Sound files and translations will also be of great interest to the general opera lover. Favorite arias can be searched and their meanings determined. New recordings can be listened to on-line. Searches can be done by composer to introduce new works by a favorite composer.
The most important thing to note when assessing the user population is that the population does not necessarily include people who are web savy. This calls for a very easily navigational site.
The main page of the site does not offer any global navigation features. This page looks unlike any other in the site making it a bad introduction to the site. No help, instructions, or list of site contents is given on this page. The page does have search capabilities which is great for people already familiar with the site and just want to use it as a reference source however the searching does not have as many options as the searching link available after entering the database. To officially enter the database users must click on an embedded link requiring the use of a mouse.
In general this main page is poorly designed. All of the features of the site are not made available. The one feature that is available (searching) is not available in its fullest form.
After clicking on the link "Ënter the Aria Database" you arrive at a page that looks more like the main page should. The page offers links to all of the various features of the database and offers some explanation of the contents of the site. This page also marks the appearance of the global navigation system. This system consists of the following textual navigation bar: Main Index, Search, Browse, New, Links, Comments. None of these links point to the main page showing its relative unimportance to the site and I believe the site would be more effective without it.
The use of a textual navigation bar is a good idea since it is easy to understand, and it matches the website which is graphically sparse. The placement of the navigation bar is at the bottom of the page which in some case requires scrolling. A better placement would be at the top of the page.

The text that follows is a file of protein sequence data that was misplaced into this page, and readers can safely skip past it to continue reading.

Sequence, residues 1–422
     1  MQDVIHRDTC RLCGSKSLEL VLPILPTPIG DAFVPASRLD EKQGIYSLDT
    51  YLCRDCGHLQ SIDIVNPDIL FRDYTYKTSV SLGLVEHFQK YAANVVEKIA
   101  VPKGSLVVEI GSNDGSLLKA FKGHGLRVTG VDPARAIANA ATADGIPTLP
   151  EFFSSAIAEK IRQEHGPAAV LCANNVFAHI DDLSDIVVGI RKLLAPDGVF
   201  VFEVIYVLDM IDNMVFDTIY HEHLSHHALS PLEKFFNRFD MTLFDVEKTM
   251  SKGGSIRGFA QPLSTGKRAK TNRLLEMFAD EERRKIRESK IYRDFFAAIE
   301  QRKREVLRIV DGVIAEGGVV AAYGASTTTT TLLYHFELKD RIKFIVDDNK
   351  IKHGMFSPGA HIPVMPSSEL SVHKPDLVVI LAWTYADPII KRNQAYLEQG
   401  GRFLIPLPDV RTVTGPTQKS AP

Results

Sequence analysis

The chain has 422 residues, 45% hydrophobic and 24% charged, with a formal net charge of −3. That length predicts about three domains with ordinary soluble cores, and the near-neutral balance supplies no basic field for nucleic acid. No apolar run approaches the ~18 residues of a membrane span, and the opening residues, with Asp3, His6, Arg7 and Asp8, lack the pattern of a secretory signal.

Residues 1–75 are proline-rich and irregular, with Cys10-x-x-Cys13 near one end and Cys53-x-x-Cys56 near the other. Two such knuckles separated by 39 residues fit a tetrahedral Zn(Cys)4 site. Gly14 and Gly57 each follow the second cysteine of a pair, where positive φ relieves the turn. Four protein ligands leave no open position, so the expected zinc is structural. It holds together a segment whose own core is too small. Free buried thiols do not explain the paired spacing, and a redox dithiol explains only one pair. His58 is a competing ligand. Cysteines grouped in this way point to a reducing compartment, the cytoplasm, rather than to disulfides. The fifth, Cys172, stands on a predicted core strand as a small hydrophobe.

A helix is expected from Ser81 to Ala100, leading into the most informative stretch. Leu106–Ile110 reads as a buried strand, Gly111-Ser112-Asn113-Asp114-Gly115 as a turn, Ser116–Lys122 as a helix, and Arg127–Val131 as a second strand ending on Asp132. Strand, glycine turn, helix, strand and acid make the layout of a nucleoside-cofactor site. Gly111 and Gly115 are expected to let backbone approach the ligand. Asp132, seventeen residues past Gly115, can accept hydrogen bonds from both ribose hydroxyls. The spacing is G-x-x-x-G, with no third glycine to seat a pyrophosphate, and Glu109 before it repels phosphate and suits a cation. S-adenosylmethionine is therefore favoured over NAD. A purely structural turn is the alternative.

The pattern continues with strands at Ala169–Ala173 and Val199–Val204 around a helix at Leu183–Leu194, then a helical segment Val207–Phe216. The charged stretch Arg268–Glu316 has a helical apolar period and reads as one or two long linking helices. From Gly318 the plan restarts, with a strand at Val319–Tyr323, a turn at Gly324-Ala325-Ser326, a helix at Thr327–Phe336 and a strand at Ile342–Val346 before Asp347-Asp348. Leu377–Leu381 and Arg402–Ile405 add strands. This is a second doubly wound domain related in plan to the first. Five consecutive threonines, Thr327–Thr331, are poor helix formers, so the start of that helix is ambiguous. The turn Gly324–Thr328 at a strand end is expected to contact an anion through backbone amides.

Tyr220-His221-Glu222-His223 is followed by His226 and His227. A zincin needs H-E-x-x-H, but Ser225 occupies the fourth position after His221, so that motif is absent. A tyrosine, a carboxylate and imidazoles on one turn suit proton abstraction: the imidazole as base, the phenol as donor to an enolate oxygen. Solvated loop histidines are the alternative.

Ad hoc navigation is used extensively throughout the site. Embedded links can be found frequently on almost every page. A certain level of user computer education is expected to use this site.
Navigation is not always easy since the navigation bar is not immediately visible upon viewing a page and embedded links are the only other navigation option and no instructions are given.
No user assistance is offered off the main page. Help is not available until the index page which is the first page after the main page. The help section is divided into two sections: help with using the database and an introduction to opera called "Opera 101".
The link "help" gives no indication that an opera 101 lesson exists. This is a case of poor labeling.
In addition, the help provided about how to use the site is not extensive. This section simply explains what information is in the database, lists the fields searchable by the database, and explains how to search by "range" (meaning voice range). No specific information is given on how to navigate the site, what kinds of search terms to use or any other specific instructions.
No contact number or e-mail address is given on this page to ask questions, or to report problems. This help section is extremely weak because of its location on the site (the second page, its lack of useful information, and its lack of contact information.
All searching and viewing of translations can be done without any extra software. Listing to the sound files requires RealTime. There is no explanation of how do get this software or the fact that you need it on the website.
An alternative listening option is available in downloadable zip format for those people who have difficulty listening on the Internet.
Much of the information on this site can be considered durable. The arias, the operas they come from and their translations can all be considered stable information that is unlikely to change.
Parts of the site does contain information that requires updating such as the operatic books, operatic companies, and operatic companies pages. There is a link on the site called "New on the Database" and the text on this pages implies that changes are made to the database every two weeks. Last updated dates are very current.
I do not see any archived information.
The site in general appears to be up to date. Last up dated links are very recent (7 days ago). Most links are active on the site however I did find one that is dead in the "Miscellaneous Opera Links."
Although this site is new to me, it does appear to have been a stable useful site for some time now. This site has been the recipient of many awards such as the 2000 Golden Web Award, and the Quatec Web Design Award.
One concern with the administration comes from the idea that a single individual student is the administrator.
The technical performance of this site is good with the exception of a couple of links. The system appears to be stable and so far I have not experienced any down times.
THE LESTER S. LEVY COLLECTION OF SHEET MUSIC